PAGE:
It is almost a perennial parental caveat to children, too much TV, video games and computers is just not good for you. Of course, with the usual adolescent disdain, such advice is usually brushed off and chances are you’d sneak in an extra hour or two just to irritate them. But according to psychologists, there apparently is truth to this age-old warning and not nipping it in time could possibly be detrimental.
According to psychologist Dr. Aric Sigman, parents need to regulate their children’s TV viewing hours, likening its control to that of one’s daily intake of salt or alcohol. Speaking to the BBC, Dr. Sigman said, "Whether children or adults are formally 'addicted' to screen technology or not, many of them overuse technology and have developed an unhealthy dependency on it,” adding, “It is always the principle of caution in children, except for screen time."
Dr. Sigman, who will expand upon this later at the Royal College of Paediatrics and Child Health's annual conference in Glasgow, said that the “screen time” or the amount of time spent in front of a screen, be it that of a television, a smartphone or a computer monitor was at an all-time high, linking this behavior to such diseases as type 2 diabetes and heart diseases that can happen as a result of a sedentary lifestyle. He further said that parents needed to “regain control” as they were risking a form of “benign neglect.” He also highlighted the possible effects of gaming on the brain and the effects it could have on brain circuitry, saying, "There are concerns that it alters the reward circuitry in the brain," suggesting that possible “dependence” could result.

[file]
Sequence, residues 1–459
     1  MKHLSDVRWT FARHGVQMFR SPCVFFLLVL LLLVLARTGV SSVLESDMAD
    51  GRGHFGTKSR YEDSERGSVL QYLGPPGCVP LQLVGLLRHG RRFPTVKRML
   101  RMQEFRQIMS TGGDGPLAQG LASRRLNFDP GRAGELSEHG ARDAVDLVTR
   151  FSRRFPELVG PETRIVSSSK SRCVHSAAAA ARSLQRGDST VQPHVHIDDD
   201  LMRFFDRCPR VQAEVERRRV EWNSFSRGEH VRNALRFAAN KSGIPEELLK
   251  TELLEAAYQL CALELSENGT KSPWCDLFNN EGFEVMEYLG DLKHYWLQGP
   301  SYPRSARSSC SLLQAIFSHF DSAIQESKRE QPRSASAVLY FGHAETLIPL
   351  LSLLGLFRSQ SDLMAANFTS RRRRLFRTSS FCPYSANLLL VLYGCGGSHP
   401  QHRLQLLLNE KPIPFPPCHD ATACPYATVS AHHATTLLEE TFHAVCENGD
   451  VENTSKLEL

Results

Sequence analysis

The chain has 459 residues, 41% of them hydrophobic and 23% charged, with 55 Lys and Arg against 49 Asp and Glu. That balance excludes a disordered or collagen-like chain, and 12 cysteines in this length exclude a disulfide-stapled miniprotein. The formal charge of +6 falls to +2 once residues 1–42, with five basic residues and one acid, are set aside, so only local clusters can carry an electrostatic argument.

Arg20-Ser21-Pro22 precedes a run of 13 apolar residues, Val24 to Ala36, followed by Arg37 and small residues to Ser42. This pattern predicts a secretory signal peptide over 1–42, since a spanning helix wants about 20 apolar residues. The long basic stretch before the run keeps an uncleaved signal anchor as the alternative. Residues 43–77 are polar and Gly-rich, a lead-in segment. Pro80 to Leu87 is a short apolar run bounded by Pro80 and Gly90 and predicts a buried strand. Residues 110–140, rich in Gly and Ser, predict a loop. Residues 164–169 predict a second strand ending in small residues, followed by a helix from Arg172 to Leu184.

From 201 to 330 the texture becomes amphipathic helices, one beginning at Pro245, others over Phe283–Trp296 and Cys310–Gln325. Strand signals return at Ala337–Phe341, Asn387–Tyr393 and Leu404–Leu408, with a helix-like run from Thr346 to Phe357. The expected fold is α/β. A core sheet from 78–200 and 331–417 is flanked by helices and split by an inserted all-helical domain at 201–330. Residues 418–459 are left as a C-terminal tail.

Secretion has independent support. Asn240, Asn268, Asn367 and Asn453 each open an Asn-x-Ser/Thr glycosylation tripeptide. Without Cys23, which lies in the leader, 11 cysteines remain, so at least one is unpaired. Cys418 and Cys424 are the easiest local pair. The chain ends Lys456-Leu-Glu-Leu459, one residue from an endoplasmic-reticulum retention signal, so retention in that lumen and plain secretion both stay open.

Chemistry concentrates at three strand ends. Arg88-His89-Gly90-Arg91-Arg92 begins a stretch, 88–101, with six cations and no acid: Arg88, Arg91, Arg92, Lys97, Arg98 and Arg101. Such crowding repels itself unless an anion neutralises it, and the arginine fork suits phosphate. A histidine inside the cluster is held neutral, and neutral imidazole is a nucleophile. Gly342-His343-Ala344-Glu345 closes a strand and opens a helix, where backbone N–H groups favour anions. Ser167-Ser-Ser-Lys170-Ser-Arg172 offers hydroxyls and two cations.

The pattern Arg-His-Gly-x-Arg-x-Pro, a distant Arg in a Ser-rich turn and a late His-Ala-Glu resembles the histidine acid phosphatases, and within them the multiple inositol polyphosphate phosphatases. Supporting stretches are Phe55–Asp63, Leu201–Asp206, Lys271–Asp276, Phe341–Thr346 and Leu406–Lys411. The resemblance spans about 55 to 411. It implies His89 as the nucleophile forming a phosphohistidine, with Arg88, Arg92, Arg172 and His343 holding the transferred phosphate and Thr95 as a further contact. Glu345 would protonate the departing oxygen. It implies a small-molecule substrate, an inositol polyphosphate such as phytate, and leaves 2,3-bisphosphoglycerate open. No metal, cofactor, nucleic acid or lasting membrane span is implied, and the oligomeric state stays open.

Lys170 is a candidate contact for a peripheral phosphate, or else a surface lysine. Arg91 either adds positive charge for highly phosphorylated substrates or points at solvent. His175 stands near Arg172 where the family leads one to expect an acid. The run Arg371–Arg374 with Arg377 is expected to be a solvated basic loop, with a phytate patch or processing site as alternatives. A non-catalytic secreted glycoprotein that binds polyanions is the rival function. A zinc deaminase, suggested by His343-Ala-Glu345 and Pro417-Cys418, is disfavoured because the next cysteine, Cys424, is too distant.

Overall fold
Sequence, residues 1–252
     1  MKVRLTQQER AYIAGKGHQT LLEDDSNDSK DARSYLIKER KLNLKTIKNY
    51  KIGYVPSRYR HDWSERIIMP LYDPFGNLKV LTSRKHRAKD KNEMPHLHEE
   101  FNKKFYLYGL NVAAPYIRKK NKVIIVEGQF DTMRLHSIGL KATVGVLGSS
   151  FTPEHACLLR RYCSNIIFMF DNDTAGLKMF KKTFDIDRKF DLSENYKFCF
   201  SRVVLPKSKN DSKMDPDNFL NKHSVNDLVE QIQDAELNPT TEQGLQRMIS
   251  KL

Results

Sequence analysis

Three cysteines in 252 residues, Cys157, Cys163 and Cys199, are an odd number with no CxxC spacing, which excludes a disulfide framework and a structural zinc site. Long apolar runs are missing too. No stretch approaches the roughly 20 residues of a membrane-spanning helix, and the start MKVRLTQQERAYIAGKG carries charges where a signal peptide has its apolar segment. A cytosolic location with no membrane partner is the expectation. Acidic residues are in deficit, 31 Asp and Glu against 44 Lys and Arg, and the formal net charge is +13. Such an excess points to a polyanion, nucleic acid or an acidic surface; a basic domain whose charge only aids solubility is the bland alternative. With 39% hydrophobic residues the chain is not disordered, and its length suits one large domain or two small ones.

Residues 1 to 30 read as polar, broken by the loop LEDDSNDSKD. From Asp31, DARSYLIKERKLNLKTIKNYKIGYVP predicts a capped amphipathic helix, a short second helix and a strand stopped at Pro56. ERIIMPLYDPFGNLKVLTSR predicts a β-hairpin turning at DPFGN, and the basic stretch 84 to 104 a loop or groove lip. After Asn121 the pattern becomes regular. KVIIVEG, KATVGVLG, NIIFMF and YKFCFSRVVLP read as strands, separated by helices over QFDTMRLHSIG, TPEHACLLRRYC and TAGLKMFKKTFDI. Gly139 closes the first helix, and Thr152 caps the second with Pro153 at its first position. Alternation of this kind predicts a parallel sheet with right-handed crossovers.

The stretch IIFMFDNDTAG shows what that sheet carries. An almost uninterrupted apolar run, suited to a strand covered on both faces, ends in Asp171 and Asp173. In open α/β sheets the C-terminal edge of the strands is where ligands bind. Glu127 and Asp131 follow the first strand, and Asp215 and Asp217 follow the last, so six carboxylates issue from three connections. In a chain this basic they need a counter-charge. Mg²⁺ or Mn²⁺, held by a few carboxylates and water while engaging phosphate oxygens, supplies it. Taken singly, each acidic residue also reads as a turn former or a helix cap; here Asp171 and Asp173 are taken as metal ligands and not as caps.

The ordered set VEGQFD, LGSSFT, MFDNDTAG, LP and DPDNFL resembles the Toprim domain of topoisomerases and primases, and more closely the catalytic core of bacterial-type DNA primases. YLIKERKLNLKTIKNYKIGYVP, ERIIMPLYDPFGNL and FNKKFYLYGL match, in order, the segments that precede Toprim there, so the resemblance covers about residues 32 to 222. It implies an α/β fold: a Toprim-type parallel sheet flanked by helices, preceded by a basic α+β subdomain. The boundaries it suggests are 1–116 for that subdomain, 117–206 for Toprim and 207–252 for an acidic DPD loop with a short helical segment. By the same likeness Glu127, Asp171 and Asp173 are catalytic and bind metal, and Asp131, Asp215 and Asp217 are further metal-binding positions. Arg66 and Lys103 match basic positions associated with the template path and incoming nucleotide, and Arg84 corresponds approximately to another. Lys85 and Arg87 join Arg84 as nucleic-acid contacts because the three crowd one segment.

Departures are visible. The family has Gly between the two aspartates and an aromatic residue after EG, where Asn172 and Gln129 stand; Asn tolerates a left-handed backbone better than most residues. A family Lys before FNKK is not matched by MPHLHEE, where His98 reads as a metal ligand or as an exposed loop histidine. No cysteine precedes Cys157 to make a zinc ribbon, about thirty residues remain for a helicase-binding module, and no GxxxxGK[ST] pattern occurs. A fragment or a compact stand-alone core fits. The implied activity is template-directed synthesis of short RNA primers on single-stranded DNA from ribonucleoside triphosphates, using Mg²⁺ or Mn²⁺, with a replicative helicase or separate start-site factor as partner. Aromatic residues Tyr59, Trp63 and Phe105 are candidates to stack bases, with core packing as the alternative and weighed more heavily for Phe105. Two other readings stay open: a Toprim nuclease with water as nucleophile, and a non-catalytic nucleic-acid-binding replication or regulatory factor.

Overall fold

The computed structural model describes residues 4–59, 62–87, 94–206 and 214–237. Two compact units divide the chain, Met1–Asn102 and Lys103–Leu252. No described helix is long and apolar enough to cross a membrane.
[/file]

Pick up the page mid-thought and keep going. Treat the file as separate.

Dr. Sigman also suggested that parents need to reassess the amount of "screen time" their children get nowadays, saying that for children up to the age of three there should be little to no screen time, while for children up to the age of seven it should not be more than an hour and a half. For 18-year-olds, Dr. Sigman suggested no more than two hours of "screen time" a day.
The stress here is that children need to be more active when young, staving off diseases that result from sedentary lifestyles and the more screen time they get, the less likely they are to pursue active lifestyles.
A similar concern was voiced by United Kingdom’s shadow public health minister Diane Abbott, who said, “By 2025, nearly half of men and over a third of women will be obese, so we've got to start helping and empowering parents to do the right thing."